When Shea Newnham goes to Wolf Creek Campground, he can still see the trail that he helped build as a Yukon Youth Conservation Corps (Y2C2) member.
Ryan Drummond sees his stint as “the beginning of my understanding of the real meanings of natural resources and conservation”. Today, he is a fish and wildlife technician with Environment Yukon.
And when Alex Gesheva is stuck in traffic, every once in a while he finds himself singing The Garbage Song that he learned from his time on the Conservation Action Team (CAT).
On its 25th anniversary, it is time to bring as many of the 700 past-participants of Y2C2 and CAT as possible to the Kusawa Lake campground later this month to share these stories and experiences and more. “It will be fantastic,” says Remy Rodden, manager of Environmental Education and Youth Programs for the territorial department of Environment. “I’m not sure how many will sign up at the last minute, but we already have folks coming from across the country. It will be great to see what everyone is doing.”
Rodden was there to lead the first CAT camps. They brought an average of 30 Yukon youth together each summer to learn about the “natural wonders found in the territory”.
They experienced nature over eight to 10 days of canoeing, hiking and hands-on activities that covered such topics as ecology and wildlife management, hunting, trapping, fishing and mining. And games. “There are games that Remy taught us which I have played with hundreds of other kids,” says Newnham, who is now a program facilitator with the Youth Achievement Centre. “On our last meal, we had to eat without regular utensils and, instead, with the cooking implements.”
Another favourite memory was visiting Fort Selkirk: “That experience left quite the impression on my mind,” says Newnham today. “We were wandering around and exploring and it felt like the coolest place I’ve ever been to.”
That, that right there, that is what Rodden and his department was hoping for with the CAT and Y2C2 programs. “It is about relationships and stewardship,” he says. “It is the relationship we have, as human beings, with the environment and relationships we have with each other in this program, and with the communities in the Yukon.”
Indeed, so far the Y2C2 program has hired 491 high school and post-secondary students to complete 652 conservation projects in 27 Yukon communities and 14 First Nations, and conducted learning sessions in 10 elementary schools to a total of 693 students.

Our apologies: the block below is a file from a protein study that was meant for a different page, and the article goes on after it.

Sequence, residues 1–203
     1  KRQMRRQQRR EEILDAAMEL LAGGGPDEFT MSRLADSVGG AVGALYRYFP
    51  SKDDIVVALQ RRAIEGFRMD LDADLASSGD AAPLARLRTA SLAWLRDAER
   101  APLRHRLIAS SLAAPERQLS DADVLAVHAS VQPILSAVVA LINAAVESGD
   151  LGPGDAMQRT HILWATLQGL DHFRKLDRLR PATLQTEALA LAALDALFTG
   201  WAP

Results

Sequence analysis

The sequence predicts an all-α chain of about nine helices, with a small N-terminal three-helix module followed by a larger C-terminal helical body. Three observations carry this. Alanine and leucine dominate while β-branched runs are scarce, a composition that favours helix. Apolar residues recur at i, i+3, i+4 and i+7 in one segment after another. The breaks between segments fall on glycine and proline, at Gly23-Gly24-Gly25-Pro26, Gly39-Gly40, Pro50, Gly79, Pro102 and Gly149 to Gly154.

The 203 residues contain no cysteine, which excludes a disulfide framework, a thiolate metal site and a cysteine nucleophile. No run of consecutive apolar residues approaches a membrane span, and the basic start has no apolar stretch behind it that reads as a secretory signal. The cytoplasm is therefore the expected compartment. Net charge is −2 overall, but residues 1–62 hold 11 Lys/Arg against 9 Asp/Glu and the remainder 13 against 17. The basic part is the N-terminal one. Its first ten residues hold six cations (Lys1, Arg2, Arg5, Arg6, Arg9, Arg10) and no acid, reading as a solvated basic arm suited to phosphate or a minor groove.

Although Y2C2 was a great summer job for someone wanting to enter a career in environment work, Rodden says that is just a “small portion” of participants. “They end up doing all kinds of things,” he says. “This is really here to spread the stewardship consciousness through the population. “We end up with a bit more environmental literacy and we are working in groups and teams and we are conscious about the effects of what we do in the world around us. It makes us better Yukoners and better planetary citizens at the same time.”
And how does Rodden measure success? “When you are in camp and you see a participant who has little information about this environment and is a little shy and, by the end of camp they have been working in groups and have made friends from all over the Yukon and relationships that last a lifetime. “Then they go home and talk to their parents about recycling and environmental issues.”
Now that Rodden and the two programs are celebrating their 25th anniversary, he will be able to see how the participants have fared in life and the role this “piece of the puzzle” played. “It will be fantastic,” says Rodden. “It will be great to see what everyone is doing. “Our Yukon kids have such great opportunities here and so, our Yukon kids do so many amazing things around the planet.”
Past participants and their families can still sign up for the weekend retreat, August 21 to 23, at Kusawa Lake, by visiting www.gov.yk.ca. Click on the “Environment & You” tab and select “CAT & Y2C3 Anniversary Celebration”.